Observations of a geek.

Attack of the SSN and DOB

Altered Grades Lead to Student’s Arrest, reads the headline. Upon further reading it is clear to me that naivete in system design combined with unscrupulous behavior are to blame. I am so sick of hearing about systems that have been access by people impersonating authorized users. Many times these systems are protected by passwords and the hole that makes them vulnerable is the utility for resetting the password when a user forgets it.

How can an administrator say, "...illegal access to the computer grading system was not the result of a deficiency or flaw in the program." Of course there was a flaw! The flaw exists in the logic that lead to the procedure to reset a user's password using their Social Security Number and Date of Birth. Two elements of data that are trivial to obtain and never designed to be secret!

Mitigating Identity Theft

Mitigating Identity Theft by Bruce Schneier.
Identity theft is the new crime of the information age. A criminal collects enough personal data on someone to impersonate a victim to banks, credit card companies, and other financial institutions. Then he racks up debt in the person's name, collects the cash, and disappears. The victim is left holding the bag. While some of the losses are absorbed by financial institutions -- credit card companies in particular -- the credit-rating damage is borne by the victim. It can take years for the victim to clear his name.
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Insecurity of Signature Images on the Web

Someone recently asked about the security of a signature image on their web page. They wondered if they should remove it or if there was some way to keep it from being downloaded or spidered and cached by search engines. While I can understand the desire to give that personal touch to a web page I wouldn't publish an image of my signature. That being said, here's some analysis.

I assume we all agree that there is no reliable way to keep a publicly viewable web image of anything, including a signature from being viewed, downloaded, cached, reused, etc. If you disagree, consider that you're not trying to hide it from search engines. You're trying to hide it from people, unscrupulous people specifically. How can you make it public while at the same time hide it from people with questionable intentions? My web-enabled mind reading system is not finished yet, is yours?

Death to the Secret Question

In The curse of the secret question, an article by Bruce Schneier, he explains why security questions are so inadequate. Schneier and I share the view that the security question is, essentially, a second password which serves as an alternate login mechanism. Since most people answer these questions truthfully the accounts that these questions are supposed to protect are only as safe as the answers provided. Having more security questions does little to solve the problem.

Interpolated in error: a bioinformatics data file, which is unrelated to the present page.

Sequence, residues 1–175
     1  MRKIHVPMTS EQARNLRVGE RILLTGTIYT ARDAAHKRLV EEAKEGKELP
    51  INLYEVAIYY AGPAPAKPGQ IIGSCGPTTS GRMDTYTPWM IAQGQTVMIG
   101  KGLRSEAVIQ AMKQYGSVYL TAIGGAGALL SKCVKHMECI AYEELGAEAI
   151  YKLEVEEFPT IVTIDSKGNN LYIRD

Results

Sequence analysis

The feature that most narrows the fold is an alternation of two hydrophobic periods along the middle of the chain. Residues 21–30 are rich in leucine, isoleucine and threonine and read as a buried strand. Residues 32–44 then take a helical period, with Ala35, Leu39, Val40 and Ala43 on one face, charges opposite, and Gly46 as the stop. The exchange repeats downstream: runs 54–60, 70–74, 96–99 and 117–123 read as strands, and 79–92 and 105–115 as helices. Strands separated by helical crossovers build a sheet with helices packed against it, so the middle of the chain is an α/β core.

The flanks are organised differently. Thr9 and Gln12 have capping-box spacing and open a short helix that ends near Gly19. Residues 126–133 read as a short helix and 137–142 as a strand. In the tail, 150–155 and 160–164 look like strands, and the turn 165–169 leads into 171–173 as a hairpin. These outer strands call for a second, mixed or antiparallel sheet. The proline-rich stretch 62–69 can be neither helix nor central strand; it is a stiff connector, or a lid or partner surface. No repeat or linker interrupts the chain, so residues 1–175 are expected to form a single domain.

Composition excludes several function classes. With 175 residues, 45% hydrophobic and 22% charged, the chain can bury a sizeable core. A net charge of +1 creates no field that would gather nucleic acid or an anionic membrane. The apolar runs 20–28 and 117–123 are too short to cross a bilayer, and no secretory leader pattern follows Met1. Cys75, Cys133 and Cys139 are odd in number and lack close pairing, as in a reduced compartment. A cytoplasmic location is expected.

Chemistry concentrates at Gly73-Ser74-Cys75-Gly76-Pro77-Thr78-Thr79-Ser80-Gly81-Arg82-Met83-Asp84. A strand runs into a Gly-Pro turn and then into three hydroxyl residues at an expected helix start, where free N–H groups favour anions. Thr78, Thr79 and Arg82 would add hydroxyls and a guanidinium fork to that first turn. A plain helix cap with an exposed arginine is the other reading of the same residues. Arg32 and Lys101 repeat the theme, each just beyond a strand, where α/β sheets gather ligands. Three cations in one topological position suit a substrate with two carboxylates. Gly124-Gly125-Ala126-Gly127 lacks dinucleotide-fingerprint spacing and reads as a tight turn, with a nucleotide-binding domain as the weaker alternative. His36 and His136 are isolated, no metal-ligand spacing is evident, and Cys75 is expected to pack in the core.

Consider this, you are asked to choose one of the "secret questions" and to provide an answer. The questions are:
  1. What is your dogs name?
  2. What was your first phone number?
  3. What color was your first house?
  4. What was the name of the street you lived on when you were 10?


You choose number 2, "What was your first phone number?" and you answer truthfully, 321-555-1212. Is that really as secure as your password was? (You have good password management practices, right?) NO, it's not as secure, because that phone number was known by everyone else that lived in the house and all the people who called it knew it too. Worse yet, it's still your phone number because you haven't moved out yet!

Email is insecure but it doesn't have to be

Perhaps you've heard that e-mail is insecure. Do you know why it is considered insecure? Do you know how to secure your e-mail?

Many of the protocols involved with the sending and receiving of e-mail are not considered secure protocols, in the sense that they are vulnerable to eavesdropping. For instance, Simple Mail Transport Protocol (SMTP), the protocol used to route e-mail around the Internet, is typically implemented without any type of transport encryption. This means that unencrypted e-mail messages are viewable to anyone with the tools to eavesdrop on the network connections between mail servers. Post Office Protocol (POP) and Internet Message Access Protocol (IMAP), when implemented without transport encryption, suffer from the same eavesdropping problems as SMTP. Even when SMTP is implemented with transport encryption it does not, by default, require the authentication of e-mail message senders, therefore mail servers cannot be sure that the senders of messages are really who they claim to be. Even though POP and IMAP require users to authenticate themselves, messages are sent and delivered using SMTP. The result is a situation where the recipient of an e-mail message can be positively identified but the sender cannot.